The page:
It has been observed by some writers, that man is more distinguished from the animal world by devotion than by reason, as several brute creatures discover in their actions something like a faint glimmering of reason, though they betray in no single circumstance of their behaviour any thing that bears the least affinity to devotion. It is certain the propensity of the mind to religious worship, the natural tendency of the soul to fly to some superior Being for succour in dangers and distresses, the gratitude to an invisible superintendent which arises in us upon receiving any extraordi. nary and unexpected good fortune, the acts of love and admiration with which the thoughts of men are so

!

wonderfully transported in meditating upon the divine perfections, and the universal concurrence of all the nations under heaven in the great article of adoration, plainly show that devotion or religious worship must be the effect of tradition from some first founder of mankind, or that it is conformable to the natural light of reason, or that it proceeds from instinct implanted in the soul itself. For my part, I look upon all these to be the concurrent causes; but whichever of them shall be assigned as the principle of divine worship, it manifestly points to a Supreme Being as the first author of it.

I may take some other opportunity of considering those particular forms and methods of devotion which are taught us by christianity; but shall here observe into what errors even this divine principle may sometimes lead us, when it is not moderated by that right reason which was given us as the guide of all our ac tions.

The two great errors into which a mistaken devotion may betray us, are enthusiasm and superstition.

There is not a more melancholy object than a man who has his head turned with religious enthusiasm. A person that is crazed, though with pride or malice, is a sight very mortifying to human nature; but when the distemper arises from any indiscreet fervours of devotion, or too intense an application of the mind to its mistaken duties, it deserves our compassion in a more particular manner. We may however learn this lesson from it, that since devotion itself (which one would be apt to think could not be too warm) may disorder the mind, unless its heats are tempered with caution and prudence, we should be particularly careful to keep our reason as cool as possible, and to guard ourselves in all parts of life against the influence of passion, imagination, and constitution.

Devotion, when it does not lie under the check of reason, is very apt to degenerate into enthusiasm. When the mind finds herself very much inflamed with

her devotions, she is too much inclined to think they are not of her own kindling, but blown up by something divine within her. If she indulges this thought too far, and humours the growing passion, she at last flings herself into imaginary raptures and ecstasies; and when once she fancies herself under the influence of a divine impulsc, it is no wonder if she slights human ordinances, and refuses to comply with any established form of religion, as thinking herself directed by a much superior guide.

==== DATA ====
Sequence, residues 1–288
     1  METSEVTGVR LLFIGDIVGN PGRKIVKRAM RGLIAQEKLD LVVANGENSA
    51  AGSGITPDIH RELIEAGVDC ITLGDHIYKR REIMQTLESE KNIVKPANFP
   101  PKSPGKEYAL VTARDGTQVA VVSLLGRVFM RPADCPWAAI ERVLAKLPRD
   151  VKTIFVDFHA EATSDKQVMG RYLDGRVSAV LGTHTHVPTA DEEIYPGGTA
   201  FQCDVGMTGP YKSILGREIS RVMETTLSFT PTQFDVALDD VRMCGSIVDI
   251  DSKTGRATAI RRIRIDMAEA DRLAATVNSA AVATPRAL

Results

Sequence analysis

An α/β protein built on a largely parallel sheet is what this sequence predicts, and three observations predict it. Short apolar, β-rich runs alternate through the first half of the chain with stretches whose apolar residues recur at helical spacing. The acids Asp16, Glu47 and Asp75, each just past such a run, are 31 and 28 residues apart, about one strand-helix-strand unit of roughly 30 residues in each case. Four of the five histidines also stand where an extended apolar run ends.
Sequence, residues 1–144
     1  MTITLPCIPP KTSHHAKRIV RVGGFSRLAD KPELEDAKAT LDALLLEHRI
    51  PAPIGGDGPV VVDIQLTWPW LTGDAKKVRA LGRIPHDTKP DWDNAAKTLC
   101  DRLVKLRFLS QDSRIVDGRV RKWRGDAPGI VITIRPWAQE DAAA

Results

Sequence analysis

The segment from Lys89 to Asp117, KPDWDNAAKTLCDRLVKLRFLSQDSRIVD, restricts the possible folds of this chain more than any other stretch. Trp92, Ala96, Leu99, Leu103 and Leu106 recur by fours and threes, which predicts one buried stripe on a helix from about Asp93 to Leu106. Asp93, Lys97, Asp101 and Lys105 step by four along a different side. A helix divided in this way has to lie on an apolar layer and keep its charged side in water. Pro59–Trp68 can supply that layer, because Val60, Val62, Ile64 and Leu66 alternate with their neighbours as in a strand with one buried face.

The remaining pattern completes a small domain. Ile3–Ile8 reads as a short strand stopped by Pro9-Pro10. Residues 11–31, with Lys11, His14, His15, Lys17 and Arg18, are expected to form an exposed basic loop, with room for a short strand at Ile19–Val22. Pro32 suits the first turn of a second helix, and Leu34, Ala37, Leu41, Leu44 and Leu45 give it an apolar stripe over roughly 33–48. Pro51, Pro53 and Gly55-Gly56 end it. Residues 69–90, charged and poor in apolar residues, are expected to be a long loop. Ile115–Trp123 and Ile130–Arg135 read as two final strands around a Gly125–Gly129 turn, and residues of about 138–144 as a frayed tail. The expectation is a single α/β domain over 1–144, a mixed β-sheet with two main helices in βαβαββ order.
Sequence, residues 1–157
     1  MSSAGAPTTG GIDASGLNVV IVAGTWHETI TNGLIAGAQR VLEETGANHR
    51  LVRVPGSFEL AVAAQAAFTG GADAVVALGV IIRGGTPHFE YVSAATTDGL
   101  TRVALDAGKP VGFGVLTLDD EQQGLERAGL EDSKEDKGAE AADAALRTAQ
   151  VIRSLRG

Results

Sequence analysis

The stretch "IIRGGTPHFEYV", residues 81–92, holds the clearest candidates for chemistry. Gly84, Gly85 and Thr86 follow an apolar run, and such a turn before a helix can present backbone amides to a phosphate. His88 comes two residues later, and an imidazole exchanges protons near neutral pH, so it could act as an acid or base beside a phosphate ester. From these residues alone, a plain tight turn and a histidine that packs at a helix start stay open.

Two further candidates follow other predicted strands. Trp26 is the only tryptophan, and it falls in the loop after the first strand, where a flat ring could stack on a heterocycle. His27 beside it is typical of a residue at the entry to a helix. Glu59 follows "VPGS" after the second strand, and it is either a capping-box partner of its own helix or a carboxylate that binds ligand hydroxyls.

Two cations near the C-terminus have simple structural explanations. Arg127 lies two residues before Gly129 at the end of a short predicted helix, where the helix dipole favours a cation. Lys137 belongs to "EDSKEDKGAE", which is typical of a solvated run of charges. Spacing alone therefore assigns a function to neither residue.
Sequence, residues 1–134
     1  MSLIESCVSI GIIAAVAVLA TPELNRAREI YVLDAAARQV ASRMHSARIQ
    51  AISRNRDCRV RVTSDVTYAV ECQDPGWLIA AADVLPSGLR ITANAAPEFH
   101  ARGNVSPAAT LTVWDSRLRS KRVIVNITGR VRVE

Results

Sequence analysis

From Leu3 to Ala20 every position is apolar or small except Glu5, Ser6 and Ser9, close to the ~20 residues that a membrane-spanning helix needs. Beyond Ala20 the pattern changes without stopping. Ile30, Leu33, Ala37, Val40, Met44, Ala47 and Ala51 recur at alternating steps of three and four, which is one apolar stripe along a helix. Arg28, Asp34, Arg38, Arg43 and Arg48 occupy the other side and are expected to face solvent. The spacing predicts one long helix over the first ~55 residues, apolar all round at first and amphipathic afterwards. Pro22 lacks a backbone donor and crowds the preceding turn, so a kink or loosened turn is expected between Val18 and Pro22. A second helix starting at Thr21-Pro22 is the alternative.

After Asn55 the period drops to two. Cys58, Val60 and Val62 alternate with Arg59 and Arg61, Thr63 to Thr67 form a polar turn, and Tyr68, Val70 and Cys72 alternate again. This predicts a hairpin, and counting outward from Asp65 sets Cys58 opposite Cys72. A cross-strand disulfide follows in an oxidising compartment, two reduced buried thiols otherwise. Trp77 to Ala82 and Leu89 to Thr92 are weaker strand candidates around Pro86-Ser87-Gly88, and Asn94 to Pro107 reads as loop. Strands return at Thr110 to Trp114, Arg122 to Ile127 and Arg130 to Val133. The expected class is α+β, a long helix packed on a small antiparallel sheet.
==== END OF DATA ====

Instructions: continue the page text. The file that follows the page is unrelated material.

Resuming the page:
As enthusiasm is a kind of excess in devotion, superstition is the excess not only of devotion, but of religion in general, according to an old heathen saying, quoted by Aulus Gellius, Religentem esse oportet, religiosum nefas; a man should be religious, not superstitious; for as the author tell us, Nigidius observed upon this passage, that the Latin words which terminate in osus generally imply vicious characters, and the having of any quality to an excess.

An enthusiast in religion is like an obstinate clown, a superstitious man like an insipid courtier. Enthusiasm has something in it of madness, superstition of folly. Most of the sects that fall short of the church of England have in them strong tinctures of enthu siasm, as the Roman Catholic religion is one huge overgrown body of childish and idle superstitions.

The Roman Catholic church seems indeed irrecoverably lost in this particular. If an absurd dress or behaviour be introduced in the world, it will soon be found out and discarded: on the contrary, a habit or ceremony, though never so ridiculous, which has taken sanctuary in the church, sticks in it for ever. A Go. thic bishop, perhaps, thought it proper to repeat such a form in such particular shoes or slippers; another fan. cied it would be very decent if such a part of public devotions were performed with a mitre on his head, and a crosier in his hand. To this a brother Vandal, as wise as the others, adds an antic dress, which he conceived would allude very aptly to such and such